The Australian High Court has ruled that a man who provided sperm to a friend is the legal father of her child.
The girl was born to Susan Parsons, as a result of an informal arrangement with a friend, Robert Masson, to conceive through home insemination. Parsons met Margaret, whom she subsequently married, while she was trying to conceive using Masson's sperm. The couple went on to conceive a second child using an American sperm donor.
The high court judge accepted that Masson agreed to provide sperm with the intention of acting as a co-parent: 'He believed that he was fathering the child and would thus support and care for her. His name was entered on the child's birth certificate as her father.'
Although the child never resided with Masson, court documents showed he had an 'ongoing role in the child's financial support, health, education and general welfare'. The girl refers to Masson as 'daddy', and he moved house to be closer to her.
The case came to court because Parsons wished to move her family to New Zealand. She applied to court to remove Masson's name on the first child's birth certificate and replace it with Margaret's. As a legal parent Masson has better standing to argue that his child should not be moved overseas than if he was ruled to be only a donor.
The case has brought Commonwealth and state laws into juxtaposition. A 2017 family court ruling that applied the 1975 Family Law Act decided that Parsons and her partner were the intended parents of the second child, but that Masson was the father of the first. The decision considered the fact that the couple were not in a 'de facto' relationship when the child was conceived, but that their relationship at that time was 'developing' (see BioNews 990).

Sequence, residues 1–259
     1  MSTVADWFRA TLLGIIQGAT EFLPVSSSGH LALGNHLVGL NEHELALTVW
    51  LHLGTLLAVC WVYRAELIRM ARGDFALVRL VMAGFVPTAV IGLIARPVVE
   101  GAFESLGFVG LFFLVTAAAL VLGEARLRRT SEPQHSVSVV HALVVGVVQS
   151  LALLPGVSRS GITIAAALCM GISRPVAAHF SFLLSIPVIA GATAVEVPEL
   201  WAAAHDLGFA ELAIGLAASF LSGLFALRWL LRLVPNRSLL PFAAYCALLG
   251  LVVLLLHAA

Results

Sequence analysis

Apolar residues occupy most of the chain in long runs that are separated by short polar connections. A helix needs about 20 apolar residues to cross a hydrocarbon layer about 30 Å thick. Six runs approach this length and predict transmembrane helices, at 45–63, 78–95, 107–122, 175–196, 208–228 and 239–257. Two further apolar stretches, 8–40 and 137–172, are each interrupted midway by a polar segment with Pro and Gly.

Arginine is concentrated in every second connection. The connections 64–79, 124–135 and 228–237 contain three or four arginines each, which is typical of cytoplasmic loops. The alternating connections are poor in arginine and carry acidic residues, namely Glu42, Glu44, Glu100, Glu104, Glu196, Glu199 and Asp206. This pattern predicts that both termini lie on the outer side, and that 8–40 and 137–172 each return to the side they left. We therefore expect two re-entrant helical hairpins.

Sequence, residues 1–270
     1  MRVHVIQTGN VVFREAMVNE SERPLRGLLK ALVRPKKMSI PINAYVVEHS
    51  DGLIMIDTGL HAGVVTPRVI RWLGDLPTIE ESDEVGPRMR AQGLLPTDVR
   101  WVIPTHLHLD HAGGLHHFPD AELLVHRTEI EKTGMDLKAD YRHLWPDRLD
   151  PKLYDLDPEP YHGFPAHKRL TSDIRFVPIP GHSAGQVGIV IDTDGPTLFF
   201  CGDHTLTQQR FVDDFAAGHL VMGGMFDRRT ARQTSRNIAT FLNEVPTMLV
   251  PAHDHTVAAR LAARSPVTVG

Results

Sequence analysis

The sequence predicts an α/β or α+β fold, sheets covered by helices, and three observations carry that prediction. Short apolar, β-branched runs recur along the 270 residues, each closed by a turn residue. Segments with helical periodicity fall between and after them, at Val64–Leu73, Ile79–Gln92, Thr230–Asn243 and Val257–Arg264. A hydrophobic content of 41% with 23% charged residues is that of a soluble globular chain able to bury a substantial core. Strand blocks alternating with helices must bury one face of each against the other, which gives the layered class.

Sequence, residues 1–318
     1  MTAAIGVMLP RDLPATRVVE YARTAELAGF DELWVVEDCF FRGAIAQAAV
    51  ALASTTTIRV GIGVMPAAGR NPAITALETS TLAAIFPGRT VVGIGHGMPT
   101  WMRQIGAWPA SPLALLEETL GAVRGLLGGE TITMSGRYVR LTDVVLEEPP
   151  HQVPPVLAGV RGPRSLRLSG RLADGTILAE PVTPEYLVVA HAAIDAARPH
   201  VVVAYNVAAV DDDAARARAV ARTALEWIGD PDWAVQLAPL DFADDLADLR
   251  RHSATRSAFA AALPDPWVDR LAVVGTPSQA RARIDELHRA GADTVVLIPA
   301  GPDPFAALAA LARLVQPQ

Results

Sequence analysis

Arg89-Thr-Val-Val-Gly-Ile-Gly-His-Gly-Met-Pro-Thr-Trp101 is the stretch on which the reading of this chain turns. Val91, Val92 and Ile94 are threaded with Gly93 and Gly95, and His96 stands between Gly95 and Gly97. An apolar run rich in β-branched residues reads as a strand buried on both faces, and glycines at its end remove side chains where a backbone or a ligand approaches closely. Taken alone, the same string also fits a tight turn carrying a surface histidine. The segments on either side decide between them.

Parsons appealed that decision, asking the High Court to determine the definition of a legal parent in the Australian Family Law Act, and its relationship with state laws – especially the New South Wales Status of Children Act which contains an irrebuttable presumption that: 'If a woman…becomes pregnant by means of a fertilisation procedure using any sperm obtained from a man who is not her husband, that man is presumed not to be the father of any child born as a result of the pregnancy.'
The court ruled that the state law was overruled by the federal statute, and concluded the 1975 act was not specific in deciding parentage when assisted conception is used by a woman without a spouse or de facto partner. The court therefore evaluated whether Masson had acted as a parent 'according to the ordinary, accepted English meaning of "parent"', and having decided that he did so, ruled him the legal father.